Let's be honest: Most of us don't update our graphics drivers religiously.
Okay, maybe you do, Mr. Hardcore #PCMasterRace enthusiast, but a vast swath of gamers fiddle with drivers only when they absolutely have to — when something breaks, or when a new game is acting funky. AMD's new "Catalyst Omega" driver and its underlying philosophy are designed around that behavior.
Catalyst Omega marks the beginning of a new driver release schedule for AMD. The usual game updates and bugfix drivers will continue to roll out continuously as before, but going forward, AMD plans to reveal a major release brimming with new features once per year, to entice even the most stubborn of holdouts into updating their software. Catalyst Omega is just such a goodie-stuffed driver — and it's also the start of a new era of quality assurance for the company, according to Robert Hallock, AMD's technical communications lead.
But it also appears to be the potential dawn of a more ominous age for AMD enthusiasts, because the vast majority of Catalyst Omega's new features aren't available for one-generation-old Radeon 7000-series graphics cards, nor the current-gen R9 280 and R9 280X (which are basically rebrands of the older Radeon 7950 and 7970). When asked whether some of the features might hit 7000-series cards in the future, Hallock said "This driver is focused on R9 and R7."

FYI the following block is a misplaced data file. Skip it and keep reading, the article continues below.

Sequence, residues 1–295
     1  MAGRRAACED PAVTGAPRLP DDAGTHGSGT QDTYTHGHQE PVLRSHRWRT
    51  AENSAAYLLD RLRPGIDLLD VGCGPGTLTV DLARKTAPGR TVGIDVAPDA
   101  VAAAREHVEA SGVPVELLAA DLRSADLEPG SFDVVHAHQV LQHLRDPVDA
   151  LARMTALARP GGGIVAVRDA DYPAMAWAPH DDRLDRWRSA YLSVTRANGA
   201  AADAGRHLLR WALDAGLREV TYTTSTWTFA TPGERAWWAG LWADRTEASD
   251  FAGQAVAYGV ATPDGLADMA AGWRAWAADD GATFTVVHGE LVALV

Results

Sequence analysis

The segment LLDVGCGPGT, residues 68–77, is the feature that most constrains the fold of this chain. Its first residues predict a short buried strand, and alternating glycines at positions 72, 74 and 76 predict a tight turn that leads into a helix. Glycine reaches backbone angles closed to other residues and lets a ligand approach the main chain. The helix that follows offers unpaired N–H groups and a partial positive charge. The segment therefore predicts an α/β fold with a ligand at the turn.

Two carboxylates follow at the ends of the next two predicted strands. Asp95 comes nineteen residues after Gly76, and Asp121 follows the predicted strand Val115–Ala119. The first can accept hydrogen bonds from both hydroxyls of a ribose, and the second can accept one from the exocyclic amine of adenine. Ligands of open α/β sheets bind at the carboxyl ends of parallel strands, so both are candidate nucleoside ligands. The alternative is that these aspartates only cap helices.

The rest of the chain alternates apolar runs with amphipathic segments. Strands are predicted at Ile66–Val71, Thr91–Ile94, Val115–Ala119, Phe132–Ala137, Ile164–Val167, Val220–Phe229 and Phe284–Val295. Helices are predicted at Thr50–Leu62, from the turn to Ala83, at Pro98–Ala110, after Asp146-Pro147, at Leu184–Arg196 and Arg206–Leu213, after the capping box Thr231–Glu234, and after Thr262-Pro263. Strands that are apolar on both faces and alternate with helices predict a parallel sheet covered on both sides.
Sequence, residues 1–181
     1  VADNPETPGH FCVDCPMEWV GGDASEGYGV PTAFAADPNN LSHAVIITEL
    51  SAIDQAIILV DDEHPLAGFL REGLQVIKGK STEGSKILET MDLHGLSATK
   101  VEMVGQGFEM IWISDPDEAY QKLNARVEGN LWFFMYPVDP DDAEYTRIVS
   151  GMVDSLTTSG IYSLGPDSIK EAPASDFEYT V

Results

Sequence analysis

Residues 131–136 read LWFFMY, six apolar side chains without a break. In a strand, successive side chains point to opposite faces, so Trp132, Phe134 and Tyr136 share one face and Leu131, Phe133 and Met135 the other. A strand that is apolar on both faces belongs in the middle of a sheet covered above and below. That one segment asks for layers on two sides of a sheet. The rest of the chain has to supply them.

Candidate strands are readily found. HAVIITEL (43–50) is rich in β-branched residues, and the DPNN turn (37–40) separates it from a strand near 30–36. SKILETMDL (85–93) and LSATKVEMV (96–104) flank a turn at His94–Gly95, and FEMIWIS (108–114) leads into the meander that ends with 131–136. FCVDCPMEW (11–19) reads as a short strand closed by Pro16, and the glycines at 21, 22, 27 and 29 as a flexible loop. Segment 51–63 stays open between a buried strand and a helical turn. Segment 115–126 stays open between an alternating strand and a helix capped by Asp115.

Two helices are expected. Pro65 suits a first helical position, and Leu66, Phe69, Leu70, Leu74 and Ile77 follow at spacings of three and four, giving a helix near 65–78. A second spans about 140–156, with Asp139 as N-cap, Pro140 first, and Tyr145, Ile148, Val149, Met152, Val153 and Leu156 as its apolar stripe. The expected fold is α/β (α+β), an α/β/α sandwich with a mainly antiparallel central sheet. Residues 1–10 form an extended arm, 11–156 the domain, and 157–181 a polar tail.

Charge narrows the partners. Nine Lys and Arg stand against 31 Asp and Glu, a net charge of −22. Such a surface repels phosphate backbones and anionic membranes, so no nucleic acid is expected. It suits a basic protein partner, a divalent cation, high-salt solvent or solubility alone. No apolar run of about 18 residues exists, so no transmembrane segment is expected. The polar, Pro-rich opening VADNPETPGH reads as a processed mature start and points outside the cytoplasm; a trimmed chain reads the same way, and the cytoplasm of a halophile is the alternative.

AMD's Catalyst Omega is scheduled to roll out today. I've been testing the drivers for a couple of weeks now. Let's dig in!
Virtual Super Resolution
As you may have guessed from the name, Virtual Super Resolution is AMD's rival to Nvidia's Dynamic Super Resolution, and it's new in Catalyst Omega. When VSR is enabled, your graphics card will render games at a higher resolution than your monitor natively supports, and then downsample the image to native resolution when it's sent to your monitor. Virtual Super Resolution supports resolutions up to full 4K, even if you're using a 1080p monitor.
The technology gives you far smoother edges and textures than you'd see at your native resolution, as well as a much wider field of view — though that can occasionally wreak some havoc in games with small interface elements, as highlighted in the AMD-provided comparison below of Civilization: Beyond Earth at 1080p with VSR disabled (left) and enabled at 4K resolution (right). Downsampling also negates the need for anti-aliasing.
Actually using AMD's Virtual Super Resolution technology is much more seamless than using Nvidia's Digital Super Resolution, in my opinion — at least if you don't let Nvidia's software automatically 'optimize' your in-game settings. While Nvidia's DSR settings are buried inside its GeForce Experience software, AMD's technology lets you simply select higher-than-native resolutions via in-game options after you've enabled VSR in the Catalyst Control Center.
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